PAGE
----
MES: Biden has dual tasks: to remedy past failures and to deal with new arrivals. After only 60 days in office, should we give him the benefit of the doubt? He’s getting hit from the left and the right, and, to his credit, he is listening more to the left. But he must give the press access to see how families are being treated. The main thing now is that he must act with full transparency.


Associated Press photos released last week showed immigrant children in US custody at the border sleeping on mats under foil blankets, separated in groups by plastic partitions.


The Challenge of Vaccinating Over 100 Million

México now faces an enormous pandemic challenge: to vaccinate the entire adult population of a profoundly unequal society. Other nations have based their vaccination priorities on age and occupation. In AMLO’s Mexico, the priority has been on the poor and most marginalized. Daniela Pastrana has traced the story of this biggest vaccination campaign in Mexican history. We've clipped this passage from her full Pie Página account.


Few countries in the world face the challenges Mexico does in vaccinating its population. The geography extends over a massive and irregular terrain, with some areas controlled by criminal groups, in conditions of extreme social inequality.


Mexicos vaccination campaign started December 24, with the application of the Pfizer vaccine to medical personnel, but it slowed as the company was unable to meet demand. On February 14, 870,000 doses of AstraZeneca arrived from India, and the second phase of mass inoculation began.


Over those two weeks, the vaccine arrived to the most extensive of the poorest regions in the country, the Montaсa de Guerrero, where the virus arrived at nearly the same time as it did to Mexico City, and where we may never know how many deaths it caused. The vaccine also arrived to Afro-Mexican communities in Oaxaca; and to the oldest people, like María Antonia, a 120-year-old great grandmother who is an example for her children and grandchildren in Veracruz. It crossed the desert to arrive at the homes of the Kiliwas, one of the Indigenous nations at high risk of extinction and with only three remaining language speakers.


Recent news reports and commentaries, from progressive and mainstream media,
on life and struggles on both sides of the US-México border


Mexico’s real COVID-19 death toll now stands at over 321,000, Associated Press. Mexican officials are acknowledging that the Covid death toll now stands 60 percent above the official test-confirmed number. With hospitals overwhelmed, many Mexicans have died at home without getting a test.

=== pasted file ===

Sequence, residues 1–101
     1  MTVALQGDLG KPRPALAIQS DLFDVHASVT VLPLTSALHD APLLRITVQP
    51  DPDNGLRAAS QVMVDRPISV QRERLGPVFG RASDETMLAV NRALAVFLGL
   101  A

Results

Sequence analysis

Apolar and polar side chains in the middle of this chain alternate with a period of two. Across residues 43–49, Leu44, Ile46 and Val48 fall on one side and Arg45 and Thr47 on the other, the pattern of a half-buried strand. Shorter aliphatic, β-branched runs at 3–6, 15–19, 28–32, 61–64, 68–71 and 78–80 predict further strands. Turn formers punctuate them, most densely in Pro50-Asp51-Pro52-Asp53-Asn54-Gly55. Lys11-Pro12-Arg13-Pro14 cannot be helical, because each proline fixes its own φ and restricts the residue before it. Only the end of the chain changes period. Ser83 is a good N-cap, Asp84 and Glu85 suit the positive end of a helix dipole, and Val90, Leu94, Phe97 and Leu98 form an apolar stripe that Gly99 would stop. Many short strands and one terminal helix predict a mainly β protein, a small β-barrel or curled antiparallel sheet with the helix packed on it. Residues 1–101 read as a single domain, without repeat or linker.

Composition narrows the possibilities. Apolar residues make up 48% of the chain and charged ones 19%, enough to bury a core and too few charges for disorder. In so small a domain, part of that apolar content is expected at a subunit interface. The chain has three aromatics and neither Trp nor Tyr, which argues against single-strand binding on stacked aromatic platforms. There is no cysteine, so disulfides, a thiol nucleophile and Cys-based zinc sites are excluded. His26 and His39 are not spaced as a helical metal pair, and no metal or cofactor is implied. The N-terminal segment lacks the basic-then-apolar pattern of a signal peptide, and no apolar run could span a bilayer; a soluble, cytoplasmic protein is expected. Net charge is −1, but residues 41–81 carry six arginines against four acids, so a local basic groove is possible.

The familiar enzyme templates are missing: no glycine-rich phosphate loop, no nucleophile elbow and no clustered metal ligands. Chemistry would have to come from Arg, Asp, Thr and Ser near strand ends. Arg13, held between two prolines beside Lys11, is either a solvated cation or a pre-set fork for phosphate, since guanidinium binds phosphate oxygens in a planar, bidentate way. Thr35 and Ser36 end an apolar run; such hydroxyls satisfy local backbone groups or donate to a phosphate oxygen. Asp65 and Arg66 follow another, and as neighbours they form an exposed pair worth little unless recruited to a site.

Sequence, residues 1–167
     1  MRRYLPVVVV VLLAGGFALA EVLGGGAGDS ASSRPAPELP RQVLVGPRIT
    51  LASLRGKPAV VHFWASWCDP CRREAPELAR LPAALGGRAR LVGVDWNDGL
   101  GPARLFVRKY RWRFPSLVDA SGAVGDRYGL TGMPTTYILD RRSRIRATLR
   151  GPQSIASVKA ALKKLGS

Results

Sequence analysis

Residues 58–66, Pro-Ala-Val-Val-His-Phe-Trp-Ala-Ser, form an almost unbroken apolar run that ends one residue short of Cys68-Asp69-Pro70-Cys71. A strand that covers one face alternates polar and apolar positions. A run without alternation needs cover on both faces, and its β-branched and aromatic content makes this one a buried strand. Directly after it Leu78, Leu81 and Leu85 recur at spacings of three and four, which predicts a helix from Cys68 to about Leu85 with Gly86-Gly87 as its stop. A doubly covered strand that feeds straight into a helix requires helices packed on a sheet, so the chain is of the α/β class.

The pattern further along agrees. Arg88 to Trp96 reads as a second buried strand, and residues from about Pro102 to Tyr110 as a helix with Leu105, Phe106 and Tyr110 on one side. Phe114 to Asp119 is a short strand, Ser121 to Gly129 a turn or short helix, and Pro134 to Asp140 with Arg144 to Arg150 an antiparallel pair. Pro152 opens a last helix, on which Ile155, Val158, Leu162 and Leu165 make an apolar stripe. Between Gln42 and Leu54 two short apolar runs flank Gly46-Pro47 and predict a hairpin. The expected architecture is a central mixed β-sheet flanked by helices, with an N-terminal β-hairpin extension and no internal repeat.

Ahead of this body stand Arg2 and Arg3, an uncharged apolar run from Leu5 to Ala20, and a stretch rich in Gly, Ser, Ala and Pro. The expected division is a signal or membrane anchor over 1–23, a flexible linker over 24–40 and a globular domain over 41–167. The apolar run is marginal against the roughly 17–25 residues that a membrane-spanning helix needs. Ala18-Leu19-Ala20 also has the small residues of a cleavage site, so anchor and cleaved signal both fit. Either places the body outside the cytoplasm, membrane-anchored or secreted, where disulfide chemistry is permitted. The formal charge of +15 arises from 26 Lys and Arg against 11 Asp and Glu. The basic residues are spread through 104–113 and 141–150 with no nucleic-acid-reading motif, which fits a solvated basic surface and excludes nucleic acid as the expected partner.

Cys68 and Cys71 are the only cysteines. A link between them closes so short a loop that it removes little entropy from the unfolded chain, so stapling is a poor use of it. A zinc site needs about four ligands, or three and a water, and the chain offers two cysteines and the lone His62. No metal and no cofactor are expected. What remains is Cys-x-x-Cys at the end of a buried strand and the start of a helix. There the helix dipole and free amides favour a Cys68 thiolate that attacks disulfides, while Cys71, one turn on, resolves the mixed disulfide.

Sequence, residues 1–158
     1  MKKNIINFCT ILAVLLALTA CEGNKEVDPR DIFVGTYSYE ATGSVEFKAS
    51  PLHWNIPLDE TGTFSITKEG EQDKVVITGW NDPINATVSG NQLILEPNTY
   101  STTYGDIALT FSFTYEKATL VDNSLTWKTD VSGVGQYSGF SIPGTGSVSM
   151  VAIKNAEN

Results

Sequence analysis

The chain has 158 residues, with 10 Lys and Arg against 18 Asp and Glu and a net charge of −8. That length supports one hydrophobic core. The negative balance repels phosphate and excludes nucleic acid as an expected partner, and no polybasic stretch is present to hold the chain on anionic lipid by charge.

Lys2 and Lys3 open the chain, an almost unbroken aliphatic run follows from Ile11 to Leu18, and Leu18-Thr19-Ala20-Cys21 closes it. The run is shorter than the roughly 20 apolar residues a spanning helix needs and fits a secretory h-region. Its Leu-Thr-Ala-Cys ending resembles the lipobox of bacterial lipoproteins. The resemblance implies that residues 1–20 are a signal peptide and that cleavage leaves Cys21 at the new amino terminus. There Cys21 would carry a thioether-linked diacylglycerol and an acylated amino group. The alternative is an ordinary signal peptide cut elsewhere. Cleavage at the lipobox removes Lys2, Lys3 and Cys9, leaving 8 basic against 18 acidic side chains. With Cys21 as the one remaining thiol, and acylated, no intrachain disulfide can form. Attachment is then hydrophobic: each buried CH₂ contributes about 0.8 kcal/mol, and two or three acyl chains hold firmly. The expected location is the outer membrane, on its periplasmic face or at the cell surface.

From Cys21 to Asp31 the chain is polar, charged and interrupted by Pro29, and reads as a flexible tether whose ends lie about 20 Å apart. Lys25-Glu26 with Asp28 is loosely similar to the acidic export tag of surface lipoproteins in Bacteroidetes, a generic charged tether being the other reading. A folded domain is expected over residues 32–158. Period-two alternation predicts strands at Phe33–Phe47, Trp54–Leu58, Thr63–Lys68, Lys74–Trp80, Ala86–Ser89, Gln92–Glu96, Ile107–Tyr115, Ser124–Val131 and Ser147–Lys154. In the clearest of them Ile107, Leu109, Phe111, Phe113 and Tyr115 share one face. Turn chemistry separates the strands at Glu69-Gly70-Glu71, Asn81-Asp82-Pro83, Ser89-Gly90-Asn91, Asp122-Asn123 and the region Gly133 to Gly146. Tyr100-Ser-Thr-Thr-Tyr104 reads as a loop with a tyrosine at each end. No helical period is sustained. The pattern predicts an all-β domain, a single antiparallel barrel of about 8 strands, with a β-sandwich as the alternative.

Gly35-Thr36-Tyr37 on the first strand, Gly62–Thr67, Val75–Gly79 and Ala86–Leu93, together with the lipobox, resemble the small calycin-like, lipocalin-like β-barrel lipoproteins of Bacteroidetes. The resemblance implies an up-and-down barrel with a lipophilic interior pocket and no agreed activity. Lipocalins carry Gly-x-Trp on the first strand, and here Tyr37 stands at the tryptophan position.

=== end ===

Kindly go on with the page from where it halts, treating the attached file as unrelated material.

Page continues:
Humberto Beck, Carlos Bravo Regidor, and Patrick Iber, The Immovable AMLO, Dissent. AMLO’s government has successfully pushed policies aimed at reducing inequality, and the Mexican president continues to decry neoliberalism. But his government is failing to build an effective alternative.


Julett Pineda, Gangs Target Candidates Ahead of Mexican Elections, Organized Crime and Corruption Project. A new wave of violence has spread across Mexico as legislative elections approach this June, with criminal gangs murdering and threatening candidates to strengthen their political influence. The most recent victim: a judge from Chiapas who was running for mayor on the Morena ticket.


Max De Haldevang, Amy Stillman, and Justin Villamil, Mexican President Uses Energy Nationalism Card Ahead of Key Vote, Bloomberg. The business press is ringing the alarm bells over AMLO’s moves against energy privatization. In 2016, two years before his election, México allowed private companies to import and sell fuels for the first time since the oil industry’s nationalization in 1938. 


Francesco Manetto, México’s president ramps up attacks on all sides ahead of June elections, El País. López Obrador is hitting out against the energy sector, the judiciary. and the feminist movement, but he still maintains high approval ratings.


John Ackerman, INE: Árbitro vendido, La Jornada. La guerra del Instituto Nacional Electoral en contra de Morena no tiene límites.


Vanni Pettinà, El largo otoño de la irrelevancia internacional latinoamericana, sinpermiso. En los años 60 y 70 la centralidad latinoamericana para pensar una forma de globalización alternativa a la liberal fue absoluta. El contraste con el presente es desolador.


Blake Hosteler, The Biden Administration to Establish a New Relationship with México Where Clean Energy Sector May Play a Key Role, JDSupra. The Biden focus on international regulations will lead to higher foreign investment in México’s renewable energy sector.


The Mexico Solidarity Project brings together activists from various socialist and left organizations and individuals committed to worker and global justice who see the 2018 election of Andrés Manuel López Obrador as president of México as a watershed moment. AMLO and his progressive Morena party aim to end generations of corruption, impoverishment, and subservience to US interests. Our Project supports not just Morena, but all Mexicans struggling for basic rights, and opposes US efforts to undermine organizing and México’s national sovereignty. 


Editorial committee: Meizhu Lui, Bruce Hobson, Bill Gallegos, Sam Pizzigati. We welcome your suggestions and feedback. Interested in getting involved? Drop us an email!


Web page and application support for the México Solidarity Project from NOVA Web Development, a democratically run, worker-owned and operated cooperative focused on developing free software tools for progressive organizations.